I’m leaving dentistry, finally. It was not an overnight decision to get out of the dental field. Quitting dentistry by simply saying, “Bye, I quit!” and walking out the door with my head held high
I’m leaving dentistry, finally. It was not an overnight decision to get out of the dental field. Quitting dentistry by simply saying, “Bye, I quit!” and walking out the door with my head held high was not an option I was able/prepared to do. The decision to leave dentistry has not been emotionally driven.
A lot of deep thought and time went into my final decision to quit dentistry completely and begin the process of a new career path. Initially I had thought and considered the possibility of staying in dentistry, but changing positions to where I would no longer work directly on patients in the operatory and at the front desk, to a new position as a regional director overseeing office production of many corporate-owned dental offices, with my focus being on the business management side of dentistry.
I interviewed for, and was offered the job as regional director by two different dental corporation management companies in the area. After listening to their 15-minute long speech about what exactly I would be expected to do in my role as their regional director/manager, I immediately turned both job offers down, despite the fact that the salary offered was at least double what I’ve been making.
As I listened to the interviewer detail the responsibilities and duties of their regional director, my heart sank, my stomach turned somersaults, and I felt a strong urge to get up and tell them they are out of the freaking minds and how DARE they do this to their patients, dentist employees, hygienists and office staff! Two separate dental corporation job interviews, one week apart, and their spiel was virtually identical.
Basically, it would be my job and my responsibility as their regional manager to regularly visit their various dental offices in my assigned region, evaluate the dental treatment production numbers in their logbook and apply “needed” pressure to (especially) the dentists to “get their production numbers up” regardless of how high those dollar amounts already are.
Dentists and hygienists are to be told to increase their treatment recommendations to patients with a variety of “upselling” techniques cloaked inside “needed treatments” wording. If the dentists/hygienists don’t continue to raise their production numbers, the pressure (by me as the manager) will increase, they’ll be “written up”, and quite possibly fired by their corporate owners.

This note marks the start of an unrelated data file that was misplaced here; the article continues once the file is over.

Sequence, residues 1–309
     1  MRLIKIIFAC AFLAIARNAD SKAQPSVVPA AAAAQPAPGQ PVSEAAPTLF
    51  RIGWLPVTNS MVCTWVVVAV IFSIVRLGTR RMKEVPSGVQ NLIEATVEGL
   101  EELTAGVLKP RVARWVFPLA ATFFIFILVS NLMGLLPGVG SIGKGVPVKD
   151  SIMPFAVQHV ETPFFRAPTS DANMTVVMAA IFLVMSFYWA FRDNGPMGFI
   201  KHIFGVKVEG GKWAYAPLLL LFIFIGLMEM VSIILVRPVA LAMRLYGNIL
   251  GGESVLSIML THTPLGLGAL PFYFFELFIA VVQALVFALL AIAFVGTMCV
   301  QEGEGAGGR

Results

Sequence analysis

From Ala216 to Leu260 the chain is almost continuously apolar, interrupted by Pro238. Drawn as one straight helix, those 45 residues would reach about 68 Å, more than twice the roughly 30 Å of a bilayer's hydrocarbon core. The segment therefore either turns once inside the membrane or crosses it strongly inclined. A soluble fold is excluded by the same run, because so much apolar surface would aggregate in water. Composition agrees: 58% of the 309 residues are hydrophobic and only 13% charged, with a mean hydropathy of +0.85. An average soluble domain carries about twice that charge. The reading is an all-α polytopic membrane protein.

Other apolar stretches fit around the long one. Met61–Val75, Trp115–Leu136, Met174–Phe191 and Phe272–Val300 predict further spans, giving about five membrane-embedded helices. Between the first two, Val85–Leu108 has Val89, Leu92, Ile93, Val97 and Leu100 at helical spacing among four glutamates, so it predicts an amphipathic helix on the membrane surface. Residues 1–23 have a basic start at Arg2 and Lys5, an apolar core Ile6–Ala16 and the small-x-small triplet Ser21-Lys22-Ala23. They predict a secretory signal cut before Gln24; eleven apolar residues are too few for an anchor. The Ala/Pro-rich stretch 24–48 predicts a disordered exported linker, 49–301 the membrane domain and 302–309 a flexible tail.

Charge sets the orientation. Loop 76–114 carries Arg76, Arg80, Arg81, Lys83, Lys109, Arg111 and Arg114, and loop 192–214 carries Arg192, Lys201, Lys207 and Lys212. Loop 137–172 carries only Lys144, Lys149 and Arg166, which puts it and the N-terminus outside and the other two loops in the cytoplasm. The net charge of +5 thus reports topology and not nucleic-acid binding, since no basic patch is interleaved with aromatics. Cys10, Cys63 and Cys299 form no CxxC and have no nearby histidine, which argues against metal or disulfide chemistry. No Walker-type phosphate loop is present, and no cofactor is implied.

Making “upselling” suggestions or recommendations to patients that their less-than-perfect smile can be essentially perfected with (of course) expensive elective cosmetic dental treatments is one thing. Elective, cosmetic dentistry is very lucrative, and patients who can afford it can certainly choose to go that route if they want to. But, telling unwitting, blindly trusting patients that they “NEED” x,y,z mandatory, necessary dental work done (which, of course, will be expensive) when there is NO proof the “need” exists?!
No, I won’t do that to the patients, nor the dentists, nor the hygienists. No, I refuse to sell my soul to the devil-ish corporate dentistry profiteers with their corporate greed. When my two separate interviewers finished their sickening spiel of what my job responsibilities would be, their final sentence of “But we really care about our patients” didn’t ring true or genuine at all. I felt disgusted, and I couldn’t wait to leave. My heart broke for the patients who go to these dental offices, not knowing they’re corporate owned, and not knowing what they’re getting themselves into.
My years of management experience, and years of dental practice management experience, would have handed me either of those two positions. I said “No”. I said, “I cannot, in good conscience, accept the position and be able to live with myself. I cannot perform those duties on unsuspecting patients, your dentists and hygienists, so I must decline your offer”. And I left.
It took me some time, several months actually, to finally figure out what my career move would ultimately be. Where my passions lie. What my knowledge, experience, and heart was pulling me towards.
I’m halfway through completing two diploma courses, where I am becoming a Natural Health Practitioner and a Holistic Nutrition Practitioner. Once I have my two diplomas in my hands, I’m leaving dentistry behind for good, and moving forward into a truly rewarding field of health and healing.